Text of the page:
What does earning a bestpicture Oscar nomination mean? Here are grosses, after the Oscars, for the nine films nominated: “La La Land” benefited the most (thanks to best actress Emma Stone and best director Damien Chazelle’s wins), vaulting $28 million to $397 million. “Hidden Figures” won no big awards, but still climbed $23 million to $195 million.
“Moonlight’s” best picture and Mahershala Ali’s supporting-actor win afforded it a $16 million surge to $42 million. “Lion,” with best supporting nods for Dev Patel and Nicole Kidman, saw a $14 million boost to $103 million. “Hacksaw Ridge,” with Andrew Garfield and director Mel Gibson’s nominations, had a bump of $11 million to $175 million. “Manchester by the Sea,” despite Casey Affleck’s best actor and director Kenneth Lonergan’s original screenplay wins, rose only $8 million to $67 million, and Viola Davis’ supporting actress win didn’t help “Fences” beyond a $2.5 million rise to $61 million.
“Arrival” and “Hell and High Water” (with Jeff Bridges supporting actor nomination), are out of theatres but had their DVD and Blu-Ray sales elevated from the attention. The real reason for having nine best-picture nominees instead of five is because it pays to advertise, and the Oscars have the biggest audience to do that!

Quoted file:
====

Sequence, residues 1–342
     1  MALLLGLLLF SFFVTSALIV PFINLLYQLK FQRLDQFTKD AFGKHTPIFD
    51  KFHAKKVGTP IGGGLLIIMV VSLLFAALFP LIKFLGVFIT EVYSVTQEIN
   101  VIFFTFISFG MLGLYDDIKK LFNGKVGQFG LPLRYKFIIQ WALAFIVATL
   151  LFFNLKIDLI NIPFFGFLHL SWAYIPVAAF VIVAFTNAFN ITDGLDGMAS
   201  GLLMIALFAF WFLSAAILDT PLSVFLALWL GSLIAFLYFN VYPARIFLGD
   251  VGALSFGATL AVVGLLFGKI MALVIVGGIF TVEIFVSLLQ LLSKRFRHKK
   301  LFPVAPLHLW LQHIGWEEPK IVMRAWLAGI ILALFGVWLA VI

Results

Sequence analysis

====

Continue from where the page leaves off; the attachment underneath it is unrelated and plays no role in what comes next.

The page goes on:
*** Host Jimmy Kimmel, perpetuating his “fake news” feud with Matt Damon, claimed, on the Oscars, that Matt’s film “The Great Wall” was a flop. True, it cost $150 million to make and only earned $41 million in the U.S. and Canada, but it also made $279 million in China and other territories worldwide, for a total of $320 million.
*** “Feud: Bette & Joan,” the campy eight-part series on FX, takes certain liberties with what actually happened, which sometimes makes for better drama. I got this straight from Bette Davis, who explained how her feud with Joan Crawford began.
“MGM dropped Crawford’s contract in 1944 because they were going younger with their contract people, and she slithered over to see Jack Warner, at my studio, Warner Brothers, under the guise of giving her services free for “Hollywood Canteen,” the film John Garfield and I were making to benefit the Hollywood Canteen. She managed to talk Jack Warner into a four-picture deal. My people, in the script department, always tipped me off about books bought for filming, and when I asked Jack about “Mildred Pierce,” he told me he’d promised it to Crawford. I wasn’t thrilled and was less thrilled when she won an Oscar for it.”
We’ll have more on their famous “Feud,” next time. And you thought “Family Feud” was fun!